State to conduct DNA tests Task force formed on ivory stockpile (Tanzania)


Marc Nkwame, Daily News

Date Published
TANZANIA will spend about 28 million/- to conduct DNA mapping on the entire ivory stockpile, Natural Resources and Tourism Minister, Mr Lazaro Nyalandu revealed on Saturday.
The country currently harbours ivory stockpile, weighing over 100 metric tonnes and comprising of thousands of stored elephant tusks that have been accumulating over the last 25 years.
Tanzania is home to nearly 110,000 live jumbos. The ivories are estimated to be valued at 60 million US dollars (about 100 billion/- ) and while experts point out that, it is expensive to store, maintain and protect these highly sought after trophies, the minister insists that the tusks will be kept under guard for future generations.
Now with assistance from the Convention on International Trade in Endangered Species (CITES), Tanzania will invest over 28 million/- to run DNA tests on the ivories and catalogue the stockpile into various segments.
“We shall sort the tusks into different piles separating those extracted from elephants that died of old age from the ones that were killed as well as deciding how old the animals were, their geographical locations and species,” said Mr Nyalandu adding that each of the ivories will also be clearly labelled.
And the government has reiterated its stand of neither selling nor destroying the hoard with the minister insisting that the tusk consignments were being treated as state trophies owned by the People of Tanzania.
In 2011, the immediate neighbour, Kenya, set ablaze more than 5 tonnes of the country’s ivory tusks and related trinkets. Early this year, China crushed into powder more than six metric tonnes of tusks, ivory ornaments and carvings in a highly lauded exercise which took place in southern Guangdong province, where much of China’s ivory trade is focused.
Reports had it that the destroyed ivory were confiscated shipments from Africa intercepted by customs officers as well as those from some 400 carving factories and shops in China.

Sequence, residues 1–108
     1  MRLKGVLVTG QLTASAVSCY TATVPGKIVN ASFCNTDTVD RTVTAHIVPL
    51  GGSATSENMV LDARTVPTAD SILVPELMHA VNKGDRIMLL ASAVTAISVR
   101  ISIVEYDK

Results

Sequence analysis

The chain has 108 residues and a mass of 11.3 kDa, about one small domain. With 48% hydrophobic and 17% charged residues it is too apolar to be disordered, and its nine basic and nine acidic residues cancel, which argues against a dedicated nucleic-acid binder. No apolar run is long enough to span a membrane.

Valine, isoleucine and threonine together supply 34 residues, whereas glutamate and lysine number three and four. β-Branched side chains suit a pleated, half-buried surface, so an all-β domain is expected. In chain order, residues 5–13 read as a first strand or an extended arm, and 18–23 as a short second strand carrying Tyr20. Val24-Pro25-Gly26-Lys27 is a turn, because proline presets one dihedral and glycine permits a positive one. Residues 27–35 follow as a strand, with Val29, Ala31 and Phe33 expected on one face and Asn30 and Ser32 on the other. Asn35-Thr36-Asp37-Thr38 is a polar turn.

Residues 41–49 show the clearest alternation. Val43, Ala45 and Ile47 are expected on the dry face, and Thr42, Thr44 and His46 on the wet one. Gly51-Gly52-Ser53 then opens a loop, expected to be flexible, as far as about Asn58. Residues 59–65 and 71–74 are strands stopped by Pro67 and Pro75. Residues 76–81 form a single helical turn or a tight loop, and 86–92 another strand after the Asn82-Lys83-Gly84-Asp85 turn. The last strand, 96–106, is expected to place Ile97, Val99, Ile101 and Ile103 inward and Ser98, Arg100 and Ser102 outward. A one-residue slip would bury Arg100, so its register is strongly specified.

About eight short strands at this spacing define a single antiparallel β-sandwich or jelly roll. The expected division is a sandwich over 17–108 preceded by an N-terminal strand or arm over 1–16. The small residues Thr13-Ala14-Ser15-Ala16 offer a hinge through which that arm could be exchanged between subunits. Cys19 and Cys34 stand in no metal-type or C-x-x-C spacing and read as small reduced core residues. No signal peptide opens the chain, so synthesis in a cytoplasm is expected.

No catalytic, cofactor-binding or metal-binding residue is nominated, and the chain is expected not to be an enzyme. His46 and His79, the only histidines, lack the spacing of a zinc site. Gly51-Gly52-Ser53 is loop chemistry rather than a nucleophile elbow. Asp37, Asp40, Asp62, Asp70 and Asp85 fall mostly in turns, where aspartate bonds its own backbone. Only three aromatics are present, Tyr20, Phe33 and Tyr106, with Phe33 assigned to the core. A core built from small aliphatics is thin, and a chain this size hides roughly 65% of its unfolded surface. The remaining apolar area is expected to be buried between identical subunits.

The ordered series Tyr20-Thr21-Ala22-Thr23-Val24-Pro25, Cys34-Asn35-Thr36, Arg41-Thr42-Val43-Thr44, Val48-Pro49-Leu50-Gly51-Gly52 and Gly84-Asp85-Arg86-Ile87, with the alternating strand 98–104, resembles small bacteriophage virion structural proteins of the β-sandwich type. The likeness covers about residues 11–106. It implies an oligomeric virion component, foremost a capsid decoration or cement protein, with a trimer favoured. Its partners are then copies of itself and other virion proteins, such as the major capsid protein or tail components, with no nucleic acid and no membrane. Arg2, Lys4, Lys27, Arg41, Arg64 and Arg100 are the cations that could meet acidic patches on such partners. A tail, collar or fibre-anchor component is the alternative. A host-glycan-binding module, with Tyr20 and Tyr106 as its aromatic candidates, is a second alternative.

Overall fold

Meanwhile, the French Head of State, François Nicolas Hollande, has written to President Jakaya Kikwete lauding the latter on his country’s conservation efforts and the task being undertaken by the government to preserve the world heritage for the benefit of whole mankind.
The French President’s official dispatch was read during the just ended Regional Summit to stop Wildlife Crime and Advance Wildlife Conservation which was officially opened by Mr Nyalandu on behalf of President Kikwete at the East African Community Headquarters here.
President Kikwete in his speech disclosed to the over 200 delegates attending the Summit that his government had formulated a National Strategy to Combat Poaching and Illegal Wildlife Trade in order to intensify the war against poaching and all forms of wildlife related crime.
The strategy provides an effective programme of support to combat poaching and illegal wildlife trafficking in Tanzania through a three-pronged approach, namely; strengthening law enforcement; increase capacity of local communities to pursue sustainable livelihood opportunities and eradicate poverty; and raising awareness in supply, transit and destination countries to help change attitudes towards wildlife crime and building international support.
The EAC Secretary General, Dr Richard Sezibera, said that the tourism industry contributes close to 10 per cent of the foreign exchange required by the EAC Partner States.
“Despite this importance, the tourism sector is still one of those greatly threatened by several factors ranging from poaching, illegal wildlife trafficking, deforestation and habitat shrinkage, climate change and global economic meltdown”, he noted.
Dr Sezibera said poaching and illegal wildlife trafficking robs EAC Partner States of their natural capital and cultural heritage with serious economic and social consequences.
“It undermines the livelihoods of dependent communities and damages the health of the ecosystems they depend on”.
Other delegates were of the view that the high levels of poverty, weak governance (measured by law enforcement capacity and corruption) together with demand for ivory in developed nations were the factors said to be linked to higher poaching levels and that, as a region, there is need to put in place robust policies to curb the menace.
The EAC Official affirmed to the delegates that, as a region, a draft strategy to combat poaching and illicit trade in wildlife had been put in place.
The objective of the strategy, among others, is to strengthen policy and legislation framework in combating poaching and trafficking of wildlife and wildlife products; to develop and enhance human resource capacity in wildlife conservation and wildlife laws enforcement; and strengthen the regional and international collaboration in combating poaching and trafficking of wildlife resources.